SEABROOK — Selectmen voted Monday to form a committee to develop a financially independent way to reopen the town’s firing range in a manner that is safe for the public and the environment.

The roughly 50-year old firing range off Route 107 has been closed for months following a February incident when a bullet, believed fired from the range, allegedly hit the window of a Kensington business on Amesbury Road.

The range itself, in the aquifer protection zone of Seabrook’s well fields, is in Kensington on land owned by Seabrook, and for which Seabrook pays taxes. After the incident was reported to Kensington police last February, Kensington selectmen issued a cease-and-desist order on the range pending an investigation.

At Seabrook’s Jan. 6 selectmen meeting, Kensington Police Chief Scott Sanders explained the results of the investigation he undertook with Seabrook police. At the time, Seabrook Lt. Jason Allen and Lt. Kevin Gelineau accompanied Sanders and a N.H. Fish and Game officer to the range. Sanders said they found evidence the rogue bullet came from the firing range, although some in town doubt it.

Sanders said a cache of bullet casings found at the range indicate the bullets were not fired from the proper position that aims bullets toward the firing range’s berms. Sanders said the bullet casings show a firing position that sent bullets in a trajectory to hit the Kensington structure.

“(Those involved with the incident) were shooting in a reckless manner,” Sanders said. “They were not shooting in the direction of the berm and in a way that is not characteristic of what usually happens at the range.”

After the meeting, Sanders said he’s identified two “persons of interest” in the case, one of whom is a convicted felon from Massachusetts who was visiting a resident of Seabrook at the time.

“We believe that individual was arrested in Massachusetts shortly after the incident,” Sanders said. “We don’t know the charge.”

Founded in the 1960s after the town purchased the land as part of its well fields, the town’s firing range is run by local volunteers. It is for Seabrook residents only, most of whom use the range for the firearms training or practice for hunting.

Officials said a lack of local volunteers led to volunteers from out of town getting involved. It is believed this caused a breakdown in compliance with the range’s regulations and record keeping.

At the selectmen’s request, the Seabrook Police Department investigated the situation, responding with a report outlining the problems and corrective options the town can take to make it safer. The report highlighted environmental issues concerning the possibility that lead bullets left in the soil could eventually leach into the groundwater of the aquifer that feeds Seabrook’s and Kensington’s wells.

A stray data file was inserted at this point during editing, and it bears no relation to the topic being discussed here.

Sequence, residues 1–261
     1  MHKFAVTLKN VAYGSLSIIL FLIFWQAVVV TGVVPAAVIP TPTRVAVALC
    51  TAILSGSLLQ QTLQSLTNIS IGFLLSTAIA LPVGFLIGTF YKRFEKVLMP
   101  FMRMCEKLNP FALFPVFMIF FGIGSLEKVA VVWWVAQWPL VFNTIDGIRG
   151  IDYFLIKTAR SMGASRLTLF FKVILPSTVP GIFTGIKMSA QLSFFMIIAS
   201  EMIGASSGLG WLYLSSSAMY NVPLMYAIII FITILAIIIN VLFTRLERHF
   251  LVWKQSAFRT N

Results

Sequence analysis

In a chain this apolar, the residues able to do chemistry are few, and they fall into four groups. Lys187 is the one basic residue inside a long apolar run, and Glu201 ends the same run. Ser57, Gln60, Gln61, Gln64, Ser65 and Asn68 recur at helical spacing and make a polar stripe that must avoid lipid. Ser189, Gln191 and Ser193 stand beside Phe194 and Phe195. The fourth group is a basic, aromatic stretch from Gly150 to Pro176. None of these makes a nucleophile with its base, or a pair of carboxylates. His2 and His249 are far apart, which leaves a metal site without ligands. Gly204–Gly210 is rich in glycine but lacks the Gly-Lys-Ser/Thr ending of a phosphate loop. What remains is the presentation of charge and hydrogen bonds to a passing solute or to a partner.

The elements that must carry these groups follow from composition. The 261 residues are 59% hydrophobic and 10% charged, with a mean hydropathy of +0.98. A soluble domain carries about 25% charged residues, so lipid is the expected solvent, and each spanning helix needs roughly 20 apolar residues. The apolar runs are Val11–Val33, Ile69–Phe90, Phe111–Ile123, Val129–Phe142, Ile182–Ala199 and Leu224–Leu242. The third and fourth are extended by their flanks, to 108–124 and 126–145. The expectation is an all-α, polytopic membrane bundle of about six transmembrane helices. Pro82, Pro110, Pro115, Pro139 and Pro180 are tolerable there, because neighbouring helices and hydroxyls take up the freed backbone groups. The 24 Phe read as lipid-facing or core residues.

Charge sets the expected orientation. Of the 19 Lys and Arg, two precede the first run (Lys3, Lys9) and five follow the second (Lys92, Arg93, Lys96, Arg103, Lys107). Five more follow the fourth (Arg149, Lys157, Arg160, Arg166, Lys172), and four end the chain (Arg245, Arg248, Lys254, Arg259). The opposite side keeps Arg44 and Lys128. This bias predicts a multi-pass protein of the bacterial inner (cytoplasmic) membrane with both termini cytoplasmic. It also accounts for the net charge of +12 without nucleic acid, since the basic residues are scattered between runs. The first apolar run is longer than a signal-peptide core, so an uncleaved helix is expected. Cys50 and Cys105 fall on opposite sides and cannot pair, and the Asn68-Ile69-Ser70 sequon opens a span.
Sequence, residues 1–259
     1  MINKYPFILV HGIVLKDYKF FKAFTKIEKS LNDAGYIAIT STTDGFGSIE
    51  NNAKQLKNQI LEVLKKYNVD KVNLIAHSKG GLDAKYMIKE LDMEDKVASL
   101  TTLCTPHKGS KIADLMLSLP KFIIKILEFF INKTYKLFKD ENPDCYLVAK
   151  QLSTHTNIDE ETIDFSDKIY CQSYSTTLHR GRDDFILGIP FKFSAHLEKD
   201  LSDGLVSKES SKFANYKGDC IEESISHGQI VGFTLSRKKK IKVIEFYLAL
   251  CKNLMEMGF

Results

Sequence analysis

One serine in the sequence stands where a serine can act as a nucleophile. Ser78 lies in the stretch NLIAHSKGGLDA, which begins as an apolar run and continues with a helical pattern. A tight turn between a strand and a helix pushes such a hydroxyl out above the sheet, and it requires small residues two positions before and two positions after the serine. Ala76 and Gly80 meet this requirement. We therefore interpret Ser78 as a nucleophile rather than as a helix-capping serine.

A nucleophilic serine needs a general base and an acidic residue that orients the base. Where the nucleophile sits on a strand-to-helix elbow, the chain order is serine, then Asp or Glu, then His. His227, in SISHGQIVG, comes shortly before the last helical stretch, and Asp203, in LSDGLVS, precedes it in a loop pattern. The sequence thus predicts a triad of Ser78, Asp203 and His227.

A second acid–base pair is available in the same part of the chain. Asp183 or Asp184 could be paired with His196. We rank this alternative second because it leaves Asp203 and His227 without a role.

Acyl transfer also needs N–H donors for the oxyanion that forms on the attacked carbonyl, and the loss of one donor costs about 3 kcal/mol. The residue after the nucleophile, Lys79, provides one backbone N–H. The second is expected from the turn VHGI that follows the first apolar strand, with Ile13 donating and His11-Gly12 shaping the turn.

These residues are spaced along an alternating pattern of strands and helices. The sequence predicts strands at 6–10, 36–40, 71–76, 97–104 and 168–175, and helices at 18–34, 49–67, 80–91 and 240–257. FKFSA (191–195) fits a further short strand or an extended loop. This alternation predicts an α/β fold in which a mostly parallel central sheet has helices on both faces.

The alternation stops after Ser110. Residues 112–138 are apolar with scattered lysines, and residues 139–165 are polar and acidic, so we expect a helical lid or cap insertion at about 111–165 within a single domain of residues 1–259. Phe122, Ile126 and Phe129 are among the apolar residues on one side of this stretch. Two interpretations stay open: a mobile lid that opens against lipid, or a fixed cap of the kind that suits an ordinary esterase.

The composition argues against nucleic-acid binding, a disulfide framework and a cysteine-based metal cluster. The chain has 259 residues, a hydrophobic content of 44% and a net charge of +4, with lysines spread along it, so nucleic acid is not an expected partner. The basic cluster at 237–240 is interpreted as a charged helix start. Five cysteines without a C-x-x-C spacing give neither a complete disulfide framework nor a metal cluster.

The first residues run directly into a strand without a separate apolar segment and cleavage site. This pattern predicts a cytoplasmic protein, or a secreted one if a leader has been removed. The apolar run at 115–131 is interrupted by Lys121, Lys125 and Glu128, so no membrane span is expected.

According to Seabrook Town Manager Bill Manzi, although there is no evidence of lead in the water presently, it is a possibility. The federal Environmental Protection Agency has guidelines Seabrook should follow to prevent contamination, he said.

According to the report, there is about $50,000 in capital expenses needed to bring the range up to par. To establish and enforce appropriate safety standards at the range, there is also money needed annually to cover operating costs. According to the report, the Exeter Sportsman’s Club, for example, has an annual budget of about $60,000.

The police report, as well as a letter from Seabrook Conservation Commission Chairwoman Susan Foote, proposed establishing a membership-based format for use of the range. It would establish a shooting club and charge an annual fee for members. No amount was discussed, however, the Newton Shooting Club has a fee of about $195 a year, considered reasonable, according to a member present at the meeting.

Long-time firing range supervisor Jim Sanborn, estimated approximately 1,200 individuals use the range annually.

Selectmen hope the range can be reopened by spring, based on the committee’s work. The goal is to enhance public, user and environmental safety and to finance it without taxpayer dollars. The committee has 90 days to develop a plan.

Until then, the range remains closed, even to those, like Seabrook resident Michael Pike and others, who’ve used the range responsibly for decades.

“I’ve hunted for 45 years,” Pike told selectmen. “Part of safety is bringing your kids to the range and teaching them to shoot safely.”